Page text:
ST. LOUIS, Missouri – More than 30 million adults in the U.S. struggle with chronic sinusitis: stuffy nose, congestion, swelling, and facial pain.
Jim Dryden is pretty healthy, but when he comes down with even a mild virus, watch out.
"When I get a cold, for instance, it would last for probably five or six weeks."
Simple colds lead to flare-ups of sinusitis.
"Oftentimes, they're prescribed multiple rounds of antibiotics, which have their own costs and side effects." explained Dr. Jay Piccirillo, an otolaryngologist at Washington University in St. Louis.
Dr. Piccirillo is testing a way to deliver the steroid budesonide deep into the nasal cavity using nasal lavage, a method you might know as a neti pot.
Budesonide is a common anti-inflammatory nasal spray.
Jim mixes the steroid in his nasal rinse every day.
"The lavage actually delivers the medicine to areas of the nose that we don't think the medicine can get to by just using the spray," said Dr. Piccirillo.
His study shows an extra 20% reduction in symptoms.
"We think the addition of the steroid medicine to the lavage is an alternative to antibiotics and, in fact, it's probably even more effective because at the end, probably most of chronic rhinosinusitis is an inflammation problem, not an infection problem," he added.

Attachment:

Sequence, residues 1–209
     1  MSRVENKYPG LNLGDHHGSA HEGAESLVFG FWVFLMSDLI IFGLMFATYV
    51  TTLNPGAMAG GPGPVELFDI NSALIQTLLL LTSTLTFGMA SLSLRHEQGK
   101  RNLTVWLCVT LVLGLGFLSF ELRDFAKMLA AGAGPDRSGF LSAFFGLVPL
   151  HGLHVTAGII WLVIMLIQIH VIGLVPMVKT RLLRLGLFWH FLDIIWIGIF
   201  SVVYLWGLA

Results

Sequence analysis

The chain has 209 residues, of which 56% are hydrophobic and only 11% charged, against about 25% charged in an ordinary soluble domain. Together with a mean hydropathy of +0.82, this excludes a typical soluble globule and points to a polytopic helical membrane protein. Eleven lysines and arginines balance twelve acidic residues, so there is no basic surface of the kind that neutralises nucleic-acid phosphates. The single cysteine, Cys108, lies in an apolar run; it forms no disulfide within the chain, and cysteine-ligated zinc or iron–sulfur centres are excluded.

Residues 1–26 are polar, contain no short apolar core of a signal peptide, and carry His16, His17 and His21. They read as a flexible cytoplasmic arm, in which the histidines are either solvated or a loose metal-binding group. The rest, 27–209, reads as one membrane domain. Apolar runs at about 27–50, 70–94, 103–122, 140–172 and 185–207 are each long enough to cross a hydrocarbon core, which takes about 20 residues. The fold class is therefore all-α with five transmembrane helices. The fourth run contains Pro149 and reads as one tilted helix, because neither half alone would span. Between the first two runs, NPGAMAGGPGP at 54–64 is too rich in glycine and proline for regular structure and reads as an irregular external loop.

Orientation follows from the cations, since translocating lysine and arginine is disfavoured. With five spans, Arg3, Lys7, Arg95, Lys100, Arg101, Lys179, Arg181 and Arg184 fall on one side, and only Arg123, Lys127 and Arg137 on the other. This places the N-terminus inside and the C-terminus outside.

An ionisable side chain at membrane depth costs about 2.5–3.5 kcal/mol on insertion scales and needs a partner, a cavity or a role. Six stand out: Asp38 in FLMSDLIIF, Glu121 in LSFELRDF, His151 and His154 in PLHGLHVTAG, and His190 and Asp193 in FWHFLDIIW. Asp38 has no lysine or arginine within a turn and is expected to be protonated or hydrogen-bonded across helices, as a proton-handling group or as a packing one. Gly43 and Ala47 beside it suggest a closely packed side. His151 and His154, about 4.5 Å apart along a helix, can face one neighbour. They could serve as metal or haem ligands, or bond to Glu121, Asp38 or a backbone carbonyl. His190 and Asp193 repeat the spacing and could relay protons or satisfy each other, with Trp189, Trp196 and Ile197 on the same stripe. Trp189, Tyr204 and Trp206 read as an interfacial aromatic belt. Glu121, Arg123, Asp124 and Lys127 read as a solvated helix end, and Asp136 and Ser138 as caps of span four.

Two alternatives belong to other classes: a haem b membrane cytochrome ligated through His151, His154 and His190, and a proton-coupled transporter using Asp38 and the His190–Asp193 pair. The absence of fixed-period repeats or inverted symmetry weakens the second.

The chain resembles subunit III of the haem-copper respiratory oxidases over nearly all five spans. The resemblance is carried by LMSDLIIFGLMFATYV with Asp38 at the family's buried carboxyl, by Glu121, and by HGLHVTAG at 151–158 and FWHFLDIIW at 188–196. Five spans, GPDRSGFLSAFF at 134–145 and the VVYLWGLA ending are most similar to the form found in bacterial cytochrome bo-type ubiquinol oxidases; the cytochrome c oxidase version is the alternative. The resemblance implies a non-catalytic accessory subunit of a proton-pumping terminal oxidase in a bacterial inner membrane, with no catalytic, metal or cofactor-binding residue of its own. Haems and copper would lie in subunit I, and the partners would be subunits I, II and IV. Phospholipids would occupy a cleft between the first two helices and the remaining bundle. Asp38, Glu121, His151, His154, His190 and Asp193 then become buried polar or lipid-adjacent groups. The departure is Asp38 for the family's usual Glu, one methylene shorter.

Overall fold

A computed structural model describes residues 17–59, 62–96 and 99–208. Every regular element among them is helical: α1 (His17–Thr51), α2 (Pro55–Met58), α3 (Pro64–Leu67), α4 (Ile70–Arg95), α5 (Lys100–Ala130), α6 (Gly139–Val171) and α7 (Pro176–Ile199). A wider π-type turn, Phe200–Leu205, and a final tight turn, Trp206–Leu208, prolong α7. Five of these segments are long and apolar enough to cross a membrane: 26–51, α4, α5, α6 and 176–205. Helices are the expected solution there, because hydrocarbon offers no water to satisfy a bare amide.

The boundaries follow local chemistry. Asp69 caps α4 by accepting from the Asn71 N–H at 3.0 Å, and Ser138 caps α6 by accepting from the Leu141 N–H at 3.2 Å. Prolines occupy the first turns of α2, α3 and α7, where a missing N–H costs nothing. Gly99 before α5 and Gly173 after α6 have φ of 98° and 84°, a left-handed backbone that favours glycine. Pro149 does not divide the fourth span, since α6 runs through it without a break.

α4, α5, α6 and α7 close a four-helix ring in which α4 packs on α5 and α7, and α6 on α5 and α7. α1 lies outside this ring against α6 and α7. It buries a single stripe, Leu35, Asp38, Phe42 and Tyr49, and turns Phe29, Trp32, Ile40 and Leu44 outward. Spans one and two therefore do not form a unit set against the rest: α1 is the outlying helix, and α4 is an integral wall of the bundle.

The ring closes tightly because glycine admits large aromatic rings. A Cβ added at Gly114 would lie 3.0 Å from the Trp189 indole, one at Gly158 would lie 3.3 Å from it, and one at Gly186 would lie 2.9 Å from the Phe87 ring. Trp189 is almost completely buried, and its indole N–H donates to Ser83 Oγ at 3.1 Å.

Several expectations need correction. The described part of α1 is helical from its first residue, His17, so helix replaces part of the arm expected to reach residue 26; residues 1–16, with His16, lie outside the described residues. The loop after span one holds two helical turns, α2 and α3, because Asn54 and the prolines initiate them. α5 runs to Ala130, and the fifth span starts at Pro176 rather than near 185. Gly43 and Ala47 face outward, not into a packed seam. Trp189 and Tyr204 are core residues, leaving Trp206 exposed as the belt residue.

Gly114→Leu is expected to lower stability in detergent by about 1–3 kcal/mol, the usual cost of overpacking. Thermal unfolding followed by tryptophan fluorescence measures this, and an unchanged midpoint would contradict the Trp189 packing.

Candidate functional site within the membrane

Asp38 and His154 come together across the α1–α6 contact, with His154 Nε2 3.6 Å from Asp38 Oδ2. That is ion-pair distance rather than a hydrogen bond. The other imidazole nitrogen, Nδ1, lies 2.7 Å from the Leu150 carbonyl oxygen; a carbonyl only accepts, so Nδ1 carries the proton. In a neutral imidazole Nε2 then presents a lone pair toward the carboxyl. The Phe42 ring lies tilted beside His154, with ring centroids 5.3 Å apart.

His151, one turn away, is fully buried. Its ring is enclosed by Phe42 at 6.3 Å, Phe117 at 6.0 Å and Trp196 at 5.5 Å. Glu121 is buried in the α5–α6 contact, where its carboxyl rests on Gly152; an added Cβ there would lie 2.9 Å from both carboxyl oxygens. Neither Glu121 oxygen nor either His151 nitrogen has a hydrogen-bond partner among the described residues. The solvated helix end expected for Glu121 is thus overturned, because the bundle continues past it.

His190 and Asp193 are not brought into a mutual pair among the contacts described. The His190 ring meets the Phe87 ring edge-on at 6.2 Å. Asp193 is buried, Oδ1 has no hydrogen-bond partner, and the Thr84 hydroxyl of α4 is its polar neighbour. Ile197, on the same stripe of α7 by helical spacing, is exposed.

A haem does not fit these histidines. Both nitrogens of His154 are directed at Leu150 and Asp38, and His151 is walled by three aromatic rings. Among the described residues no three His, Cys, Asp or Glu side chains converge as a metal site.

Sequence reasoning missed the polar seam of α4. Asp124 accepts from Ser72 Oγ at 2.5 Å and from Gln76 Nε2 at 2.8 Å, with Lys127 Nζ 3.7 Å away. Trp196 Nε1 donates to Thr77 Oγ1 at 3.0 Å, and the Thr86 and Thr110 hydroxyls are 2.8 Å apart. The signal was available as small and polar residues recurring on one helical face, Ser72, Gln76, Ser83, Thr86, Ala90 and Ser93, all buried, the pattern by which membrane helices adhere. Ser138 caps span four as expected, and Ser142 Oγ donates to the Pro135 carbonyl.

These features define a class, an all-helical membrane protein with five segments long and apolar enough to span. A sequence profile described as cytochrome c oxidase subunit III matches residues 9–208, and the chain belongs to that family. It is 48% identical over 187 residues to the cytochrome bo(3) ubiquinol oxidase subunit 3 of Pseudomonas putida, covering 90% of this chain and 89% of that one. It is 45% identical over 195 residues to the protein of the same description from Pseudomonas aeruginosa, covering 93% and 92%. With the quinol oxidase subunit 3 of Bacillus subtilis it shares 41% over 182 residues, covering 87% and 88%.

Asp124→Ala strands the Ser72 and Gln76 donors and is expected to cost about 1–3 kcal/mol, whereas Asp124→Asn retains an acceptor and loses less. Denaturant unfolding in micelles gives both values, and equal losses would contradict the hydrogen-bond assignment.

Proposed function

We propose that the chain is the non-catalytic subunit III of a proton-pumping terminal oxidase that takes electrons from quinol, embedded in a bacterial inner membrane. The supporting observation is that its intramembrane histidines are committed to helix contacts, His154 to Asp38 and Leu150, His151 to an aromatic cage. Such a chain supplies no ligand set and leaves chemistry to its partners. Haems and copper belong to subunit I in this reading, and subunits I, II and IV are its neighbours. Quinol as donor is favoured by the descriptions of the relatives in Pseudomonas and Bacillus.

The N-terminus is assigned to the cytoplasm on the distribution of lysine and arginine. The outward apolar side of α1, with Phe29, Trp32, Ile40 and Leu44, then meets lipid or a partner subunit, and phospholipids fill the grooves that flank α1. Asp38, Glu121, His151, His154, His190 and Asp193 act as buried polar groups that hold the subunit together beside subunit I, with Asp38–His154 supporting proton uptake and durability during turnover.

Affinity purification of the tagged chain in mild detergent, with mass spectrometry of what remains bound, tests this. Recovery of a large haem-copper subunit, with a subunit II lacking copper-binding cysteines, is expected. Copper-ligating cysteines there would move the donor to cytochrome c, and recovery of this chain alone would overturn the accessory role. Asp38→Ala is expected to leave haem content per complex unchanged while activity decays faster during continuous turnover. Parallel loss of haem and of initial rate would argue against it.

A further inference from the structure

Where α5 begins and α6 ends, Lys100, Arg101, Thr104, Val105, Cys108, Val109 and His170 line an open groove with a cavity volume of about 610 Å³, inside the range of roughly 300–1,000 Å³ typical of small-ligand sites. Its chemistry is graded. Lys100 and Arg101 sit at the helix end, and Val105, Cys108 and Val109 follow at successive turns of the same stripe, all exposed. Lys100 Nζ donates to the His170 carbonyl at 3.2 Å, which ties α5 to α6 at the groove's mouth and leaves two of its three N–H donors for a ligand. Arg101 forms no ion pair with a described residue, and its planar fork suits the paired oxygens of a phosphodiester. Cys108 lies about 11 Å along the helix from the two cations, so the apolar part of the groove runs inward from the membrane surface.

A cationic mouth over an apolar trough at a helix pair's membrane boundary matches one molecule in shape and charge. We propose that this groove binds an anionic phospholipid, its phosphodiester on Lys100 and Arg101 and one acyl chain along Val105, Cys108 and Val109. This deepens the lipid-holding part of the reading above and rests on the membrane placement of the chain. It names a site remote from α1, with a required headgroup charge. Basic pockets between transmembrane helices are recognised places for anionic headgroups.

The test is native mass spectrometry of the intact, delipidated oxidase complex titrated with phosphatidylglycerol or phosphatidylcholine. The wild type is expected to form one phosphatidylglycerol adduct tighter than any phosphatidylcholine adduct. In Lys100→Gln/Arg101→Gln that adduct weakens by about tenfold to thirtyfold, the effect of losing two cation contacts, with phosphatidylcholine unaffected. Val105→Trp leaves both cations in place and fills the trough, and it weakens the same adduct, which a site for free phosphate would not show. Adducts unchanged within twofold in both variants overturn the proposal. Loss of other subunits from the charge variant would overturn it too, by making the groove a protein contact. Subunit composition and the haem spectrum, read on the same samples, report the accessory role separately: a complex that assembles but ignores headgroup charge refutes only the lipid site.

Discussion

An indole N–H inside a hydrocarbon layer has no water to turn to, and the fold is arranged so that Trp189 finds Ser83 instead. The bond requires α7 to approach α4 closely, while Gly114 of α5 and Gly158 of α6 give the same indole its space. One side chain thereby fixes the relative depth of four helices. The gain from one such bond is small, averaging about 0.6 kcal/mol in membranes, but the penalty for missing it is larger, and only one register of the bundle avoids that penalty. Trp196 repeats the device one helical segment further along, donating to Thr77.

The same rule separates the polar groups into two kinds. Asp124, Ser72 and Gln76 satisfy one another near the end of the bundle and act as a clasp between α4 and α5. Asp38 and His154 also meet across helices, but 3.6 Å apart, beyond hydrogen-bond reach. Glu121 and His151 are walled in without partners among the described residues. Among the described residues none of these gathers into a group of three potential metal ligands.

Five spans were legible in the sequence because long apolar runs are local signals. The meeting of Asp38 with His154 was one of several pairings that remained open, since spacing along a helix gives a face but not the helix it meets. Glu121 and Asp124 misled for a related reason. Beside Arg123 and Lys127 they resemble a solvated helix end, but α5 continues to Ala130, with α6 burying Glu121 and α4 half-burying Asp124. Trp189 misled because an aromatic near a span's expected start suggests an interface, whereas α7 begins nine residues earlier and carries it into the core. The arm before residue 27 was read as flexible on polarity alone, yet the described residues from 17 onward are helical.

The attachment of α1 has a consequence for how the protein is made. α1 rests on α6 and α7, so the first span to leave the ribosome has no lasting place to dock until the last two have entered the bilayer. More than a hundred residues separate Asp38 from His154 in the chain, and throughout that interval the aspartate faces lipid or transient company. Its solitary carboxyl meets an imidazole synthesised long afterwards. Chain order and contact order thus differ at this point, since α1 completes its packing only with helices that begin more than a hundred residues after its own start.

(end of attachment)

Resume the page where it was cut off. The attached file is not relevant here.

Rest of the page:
For Jim Dryden, it means he's back at work.
"It has been very helpful.
Dr. Piccirillo said both budesonide and the use of nasal lavage are common and widely available. The new part is simply the delivery system.
He added the combined saline rinse with budesonide is available right now to patients who are interested.
But he suggests patients talk to their doctor about obtaining budesonide in a powder or liquid form to add to a saltwater nasal rinse.
If this story has impacted your life or prompted you or someone you know to seek or change treatments, please let us know by contacting Jim Mertens at firstname.lastname@example.org or Marjorie Bekaert Thomas at email@example.com.